We thought it might be of interest to discuss another feature of the proposed mass transit plan - "Implementation of tolled express lanes..." - as presented in the Central Indiana Transit Task Force (CITTF) report we cited in our last post.
The suggestion is use of lanes on I-69 and I-65 which would be available to those willing to pay for "express" service. These would be new lanes added to the existing roadways. There is no indication of actual length or location of these suggested lanes.
The first thing that comes to mind is design problems, the cost and the disruption of existing traffic. If new lanes are added on either side of the current roadway, won’t all existing on/off ramp systems have to be rebuilt for the affected areas?
What about the need for additional right-of-way, particularly at ramp sites where commercial operations have developed around existing interchanges?
We think that, possibly, the most unrealistically optimistic sentence in the report is contained in this paragraph. "Additionally, the lanes would be expected to raise more than they would cost to operate, thus providing a source of funding for other transportation infrastructure in the region." (Our emphasis.)
It is further suggested that these new lanes would "ease congestion" on the freeways. Which thought brings us to consideration of the overall philosophy of the whole program.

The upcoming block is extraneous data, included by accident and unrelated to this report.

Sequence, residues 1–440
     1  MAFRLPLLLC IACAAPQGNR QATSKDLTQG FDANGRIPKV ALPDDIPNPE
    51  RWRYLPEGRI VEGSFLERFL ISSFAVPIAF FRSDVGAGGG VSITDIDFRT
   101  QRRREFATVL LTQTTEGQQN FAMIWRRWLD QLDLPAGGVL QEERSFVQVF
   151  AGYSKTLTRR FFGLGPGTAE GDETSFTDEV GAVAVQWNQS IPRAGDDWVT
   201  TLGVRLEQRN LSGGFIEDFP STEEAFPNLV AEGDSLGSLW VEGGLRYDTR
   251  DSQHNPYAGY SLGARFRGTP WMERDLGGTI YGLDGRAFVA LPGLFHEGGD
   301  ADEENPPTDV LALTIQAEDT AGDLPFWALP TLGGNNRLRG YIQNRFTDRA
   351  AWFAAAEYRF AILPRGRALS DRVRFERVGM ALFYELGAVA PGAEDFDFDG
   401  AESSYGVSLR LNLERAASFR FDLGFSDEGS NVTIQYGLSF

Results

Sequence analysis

We’re all for complete renovation and expansion of IndyGo service in order to make it possible for those who need public transportation to move about the city in a reasonably efficient way.
But, for instance, we’re talking about current improvements to I-69, plus adding toll lanes to the same area of I-69, plus adding rail service parallel to I-69. Are we being a touch redundant here?
We’ll be asked to approve a referendum on a project - actually a series of projects - with an estimated cost of $1.3 billion, to be financed through increases in yet to be determined taxes. But we are also continuing to operate, and expand, TIF districts which subsidize developers of downtown residential units. To say nothing of additional parking spaces!
Much of the verbiage of the report from the CITTF refers to the need to maintain the viability of the downtown core of Indianapolis. Yet it seems to us to pay too little attention to the fact that every mode of transportation under consideration provides egress from the city as well as ingress to the city. They're not going to be "one way" toward Monument Circle. When the project is completed, shoppers will have easier access to major malls all over "central Indiana" as well as downtown Indianapolis.
Except, of course, for rail lines which are completely inflexible as far as taking riders to a specifically desired destination.
Are we looking both directions before stepping off the curb here?